It’s been a delicious dinner. Your hostess outdid herself with a spread of delights that would’ve impressed Matt Preston and the bubbly was superb – but instead of basking in the happy satisfaction of a memorable meal, you’re squirming under the pressure of an ever-tighter waistband as your stomach seems to inflate like a balloon.
According to dietician Lila Bruk, that’s exactly what’s happening. “Bloating is a distension of the abdomen. It usually takes place when air or fluid gets trapped in the gut,” she explains. Bloating may also occur if the digestive process is interrupted, causing undigested food to travel to the gut where it ferments and creates pockets of gas.
Dr Ela Manga, an integrated medical practitioner, notes that this may be caused by a number of factors, from the food you eat to medical conditions – like food intolerances, irritable bowel syndrome, systemic candidiasis and coeliac disease – and even how quickly you talk.
Scrutinise your sweetener
You may use them to help keep your waistline in check, but artificial sweeteners could be causing you to blow up, cautions Bruk: "They're hard to digest and thus sit in the gut where they ferment and release gas." Sorbitol and xylitol are particularly blame-worthy, according to Manga.
Stock your medicine cabinet
Manga suggests boosting your diet with probiotics, as these friendly bacteria help to keep the growth of gas-producing microorganisms in the gut in check. Digestive enzymes may also help.
Beat it with exercise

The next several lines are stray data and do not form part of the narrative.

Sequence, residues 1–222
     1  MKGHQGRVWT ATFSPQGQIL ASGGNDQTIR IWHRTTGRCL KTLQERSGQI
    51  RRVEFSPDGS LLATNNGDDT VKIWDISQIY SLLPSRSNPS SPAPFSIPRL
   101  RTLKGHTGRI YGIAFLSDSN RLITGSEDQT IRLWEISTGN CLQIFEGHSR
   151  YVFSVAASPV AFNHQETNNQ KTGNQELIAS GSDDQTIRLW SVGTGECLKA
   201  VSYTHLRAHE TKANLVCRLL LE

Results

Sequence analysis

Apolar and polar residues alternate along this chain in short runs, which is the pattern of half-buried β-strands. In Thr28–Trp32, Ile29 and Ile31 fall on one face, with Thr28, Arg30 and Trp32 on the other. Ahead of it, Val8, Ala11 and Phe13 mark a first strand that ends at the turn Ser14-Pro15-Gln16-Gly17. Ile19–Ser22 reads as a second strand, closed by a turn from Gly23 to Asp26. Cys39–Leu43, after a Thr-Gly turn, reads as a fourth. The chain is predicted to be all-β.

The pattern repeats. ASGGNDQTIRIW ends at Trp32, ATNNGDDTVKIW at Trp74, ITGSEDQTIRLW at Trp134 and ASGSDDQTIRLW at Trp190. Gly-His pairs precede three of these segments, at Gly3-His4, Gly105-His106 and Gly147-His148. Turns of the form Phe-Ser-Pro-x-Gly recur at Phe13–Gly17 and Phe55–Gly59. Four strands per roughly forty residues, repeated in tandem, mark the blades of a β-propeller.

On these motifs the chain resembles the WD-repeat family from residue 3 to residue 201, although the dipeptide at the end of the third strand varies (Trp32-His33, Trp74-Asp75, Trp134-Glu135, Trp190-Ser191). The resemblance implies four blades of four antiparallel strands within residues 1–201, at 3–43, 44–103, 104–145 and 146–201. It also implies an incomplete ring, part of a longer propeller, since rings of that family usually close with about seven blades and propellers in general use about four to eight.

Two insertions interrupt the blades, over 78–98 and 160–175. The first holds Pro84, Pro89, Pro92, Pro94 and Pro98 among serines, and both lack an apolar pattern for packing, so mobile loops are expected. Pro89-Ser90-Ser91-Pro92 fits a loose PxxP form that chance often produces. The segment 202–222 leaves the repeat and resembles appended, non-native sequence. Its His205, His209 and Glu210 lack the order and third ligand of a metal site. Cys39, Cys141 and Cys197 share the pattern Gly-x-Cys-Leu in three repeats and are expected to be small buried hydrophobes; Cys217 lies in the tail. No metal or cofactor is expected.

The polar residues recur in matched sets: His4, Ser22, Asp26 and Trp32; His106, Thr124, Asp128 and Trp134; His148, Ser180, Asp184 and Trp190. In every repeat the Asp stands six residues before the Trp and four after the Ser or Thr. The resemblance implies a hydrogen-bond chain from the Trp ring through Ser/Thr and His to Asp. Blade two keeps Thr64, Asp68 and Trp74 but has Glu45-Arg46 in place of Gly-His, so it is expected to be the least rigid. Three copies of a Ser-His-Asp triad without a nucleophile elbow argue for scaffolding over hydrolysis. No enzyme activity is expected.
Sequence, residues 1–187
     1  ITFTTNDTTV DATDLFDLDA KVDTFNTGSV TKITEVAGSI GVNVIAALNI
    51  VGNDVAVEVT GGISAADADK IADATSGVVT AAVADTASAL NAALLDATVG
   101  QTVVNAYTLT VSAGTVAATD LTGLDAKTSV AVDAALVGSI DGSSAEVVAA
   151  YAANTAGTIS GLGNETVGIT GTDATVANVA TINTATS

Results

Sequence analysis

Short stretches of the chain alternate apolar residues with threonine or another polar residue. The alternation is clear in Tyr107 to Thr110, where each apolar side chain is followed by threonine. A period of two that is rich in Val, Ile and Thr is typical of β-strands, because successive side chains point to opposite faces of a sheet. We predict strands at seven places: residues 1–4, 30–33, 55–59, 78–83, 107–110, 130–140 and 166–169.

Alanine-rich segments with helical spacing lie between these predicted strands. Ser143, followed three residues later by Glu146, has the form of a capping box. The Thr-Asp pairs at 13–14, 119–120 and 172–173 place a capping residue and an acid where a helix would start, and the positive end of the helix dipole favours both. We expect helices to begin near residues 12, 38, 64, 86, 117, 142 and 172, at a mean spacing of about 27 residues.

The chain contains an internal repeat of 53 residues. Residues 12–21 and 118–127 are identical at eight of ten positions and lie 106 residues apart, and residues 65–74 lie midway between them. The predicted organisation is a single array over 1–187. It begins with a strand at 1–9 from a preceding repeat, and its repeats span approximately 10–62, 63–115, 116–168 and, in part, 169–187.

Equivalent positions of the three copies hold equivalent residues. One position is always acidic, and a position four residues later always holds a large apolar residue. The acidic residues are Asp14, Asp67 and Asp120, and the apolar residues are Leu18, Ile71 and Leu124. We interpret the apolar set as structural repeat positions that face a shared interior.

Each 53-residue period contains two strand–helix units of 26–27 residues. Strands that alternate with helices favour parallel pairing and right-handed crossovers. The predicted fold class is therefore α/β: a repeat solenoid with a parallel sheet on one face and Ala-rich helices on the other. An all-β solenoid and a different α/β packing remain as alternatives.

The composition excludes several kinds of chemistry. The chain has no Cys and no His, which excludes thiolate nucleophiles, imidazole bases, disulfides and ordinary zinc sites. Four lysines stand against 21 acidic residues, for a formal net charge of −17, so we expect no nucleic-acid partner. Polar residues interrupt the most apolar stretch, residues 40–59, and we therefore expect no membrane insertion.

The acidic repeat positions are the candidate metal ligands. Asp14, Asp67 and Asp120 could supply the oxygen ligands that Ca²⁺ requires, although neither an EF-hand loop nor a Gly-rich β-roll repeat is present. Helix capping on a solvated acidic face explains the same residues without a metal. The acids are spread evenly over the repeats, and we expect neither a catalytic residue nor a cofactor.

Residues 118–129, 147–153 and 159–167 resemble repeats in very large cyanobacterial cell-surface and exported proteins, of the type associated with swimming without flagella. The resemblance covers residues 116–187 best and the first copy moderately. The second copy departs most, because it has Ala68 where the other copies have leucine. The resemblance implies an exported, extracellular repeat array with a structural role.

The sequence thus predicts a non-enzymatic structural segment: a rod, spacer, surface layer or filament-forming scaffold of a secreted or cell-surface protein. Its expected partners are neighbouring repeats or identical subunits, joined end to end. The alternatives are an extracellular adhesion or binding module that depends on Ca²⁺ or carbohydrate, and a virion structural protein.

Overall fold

Exercise is an important weapon in your battle against the bloat as it helps to kickstart your digestion. Bruk recommends at least 30 minutes, four times a week. However, light exercise, like walking, is preferable to heavy workouts, which can actually hinder digestion. "Intense exercise raises your body's adrenaline levels. What's more, during a hard session, blood moves towards the extremities and away from the gut," explains Bruk. A brisk walk after your meal may be all you need to feel more settled.
Easy on the alcohol
Ever noticed how puffy you look after a big night out? That's because alcohol is a diuretic and, the more often you run to the loo, the less fluids are available in your body for digestion, leading to constipation.
Relief may be as nearby as your herb garden, says Manga. Ginger, for example, is a good all-purpose digestive aid and is excellent for soothing the digestive system. Peppermint, caraway seed, fennel and aniseed can also be counted on to coordinate digestive processes, while parsley, a natural diuretic, is a good choice if premenstrual water retention has made you puff up.
Hydration is key to preventing puffiness – but, while water will help you keep the bloat away, fizzy drinks are likely to bring it on. Carbonated drinks release carbon dioxide into the intestinal tract, making it feel like you swallowed a balloon. So keep it plain and natural.
"Water helps to improve digestion, so it reduces the risk of constipation, a common bloating culprit," says Bruk. Two litres a day will keep your system working smoothly.Say no to salt
Gas isn't the only cause of bloating – water retention has a role to play too. One solution is to cut down on salt. You can also stock up on foods rich in potassium – think avos, bananas, yoghurt and salmon – as these help to counterbalance sodium. They're also natural diuretics, says Manga, so can ease water retention.